In a recent editorial for Christianity Today, Wheaton College professor Ed Stetzer took Sen. Tim Kaine, Hillary Clinton‘s running mate, to task for using the Bible to appeal to Christian compassion.
According to Stetzer, one can’t properly care for “the least of these” — the poor, the hungry, the sick, the downtrodden — while also holding a pro-choice stance on abortion.
Kaine, who identifies as Catholic, wrote a piece for CT comparing the Body of Christ that Paul references in the Bible with the diversity of the American people. Just as Paul believed that everyone in the Body ought to care about and help each other — no man is an island, so to speak — so, too, should Americans embrace diversity of thought in the on-going debate over healthcare. That means having bipartisan discussions on the future of health care, Kaine says, not, as we’re seeing right now, a Republican Party that wants no input from elected Democrats as they work to dismantle the Affordable Care Act.
For all the problematic content in CT, a publication that says committed gay and lesbian couples are “destructive to society, calls for unity are usually hard to pick apart.
Unless you’re Ed Stetzer, of course. Then you can dismiss every other good thing Kaine had to say because of his disagreement on one issue.
I was a lot like Stetzer back in college — long before I started taking birth control myself, for the purpose of preventing pregnancy. As an older, more introspective adult, I forced myself to do the uncomfortable work of trying to understand where the pro-choice side was coming from — something Stetzer seems unable or else unwilling to do:
While serving on the ticket of a party that wants no restrictions on abortion, Kaine has famously obfuscated around the issue of abortion, claiming that his Catholic faith informs his personal opposition to abortion while advocating for legal protections for abortion (up to the moment of birth) along the Democratic party line…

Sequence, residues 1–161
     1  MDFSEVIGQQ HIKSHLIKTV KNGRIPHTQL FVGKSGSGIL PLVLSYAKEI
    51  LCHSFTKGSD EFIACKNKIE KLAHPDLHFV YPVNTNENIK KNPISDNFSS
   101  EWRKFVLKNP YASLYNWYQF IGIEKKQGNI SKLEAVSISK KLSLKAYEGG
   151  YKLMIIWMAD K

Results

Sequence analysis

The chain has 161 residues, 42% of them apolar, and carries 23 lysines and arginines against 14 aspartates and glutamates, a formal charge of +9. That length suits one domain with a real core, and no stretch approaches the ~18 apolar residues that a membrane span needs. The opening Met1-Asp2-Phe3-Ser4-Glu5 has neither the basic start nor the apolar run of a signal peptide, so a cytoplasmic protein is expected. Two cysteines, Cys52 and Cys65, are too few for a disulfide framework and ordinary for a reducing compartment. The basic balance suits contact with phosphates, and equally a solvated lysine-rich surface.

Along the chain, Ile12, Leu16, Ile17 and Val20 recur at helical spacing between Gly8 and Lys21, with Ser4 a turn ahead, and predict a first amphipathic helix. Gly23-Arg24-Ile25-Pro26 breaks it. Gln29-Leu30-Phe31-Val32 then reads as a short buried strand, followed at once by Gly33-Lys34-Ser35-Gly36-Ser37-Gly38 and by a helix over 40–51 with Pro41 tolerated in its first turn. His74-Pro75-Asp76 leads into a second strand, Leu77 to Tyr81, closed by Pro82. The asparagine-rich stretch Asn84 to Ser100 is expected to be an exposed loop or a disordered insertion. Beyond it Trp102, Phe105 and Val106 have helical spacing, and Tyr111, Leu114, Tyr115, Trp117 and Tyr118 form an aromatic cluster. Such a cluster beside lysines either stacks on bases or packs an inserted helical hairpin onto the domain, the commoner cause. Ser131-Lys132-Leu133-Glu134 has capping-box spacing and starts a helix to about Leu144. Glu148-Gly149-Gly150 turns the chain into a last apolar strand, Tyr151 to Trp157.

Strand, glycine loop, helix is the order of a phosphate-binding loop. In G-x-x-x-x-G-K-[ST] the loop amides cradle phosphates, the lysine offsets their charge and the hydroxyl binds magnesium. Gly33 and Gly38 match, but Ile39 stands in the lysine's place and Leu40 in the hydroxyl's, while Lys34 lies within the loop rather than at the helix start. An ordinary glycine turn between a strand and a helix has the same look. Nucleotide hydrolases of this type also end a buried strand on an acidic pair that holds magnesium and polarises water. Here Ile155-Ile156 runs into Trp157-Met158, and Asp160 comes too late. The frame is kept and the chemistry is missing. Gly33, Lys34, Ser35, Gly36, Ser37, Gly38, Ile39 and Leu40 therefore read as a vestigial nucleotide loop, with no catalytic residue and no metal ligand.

How is it that Kaine can make an argument that faith must inform our policy choices (particularly as they relate to the “least of these”) yet completely refuse to follow the same imperative on the basis of the rock-solid position of his own church on the sanctity of life? That’s what makes this entire article so bizarre. He basically says we should listen to the teachings of our faith on healthcare, yet he is a Catholic who just ran on a ticket that couldn’t even oppose partial birth abortion.
Stetzer loses me with his inability to see the connection between abortion and poverty. Kaine rightly emphasized caring for the poor in his editorial, but I wish he had gone a little further and mentioned how families that are properly fed, educated, and able to afford quality healthcare are far less likely to abort their pregnancies than families that are not. Jesus never talked about abortion once, but in requiring his followers to care for the poor, one could argue he was setting the best possible pro-life example possible. These dots are not that difficult to connect.
There’s nothing Christ-like about elevating fetuses over already-born children who are denied treatment for cancer because their parents can’t afford it.
Kaine needs to decide (as we all do), if we really care for all the least of these or only a cross-section. Justice that is not always striving for consistency and universality in its application is not justice at all. Thus, we need to care about the unborn, the poor, the sick, and all those created in the image of God.
He should really take his own advice.
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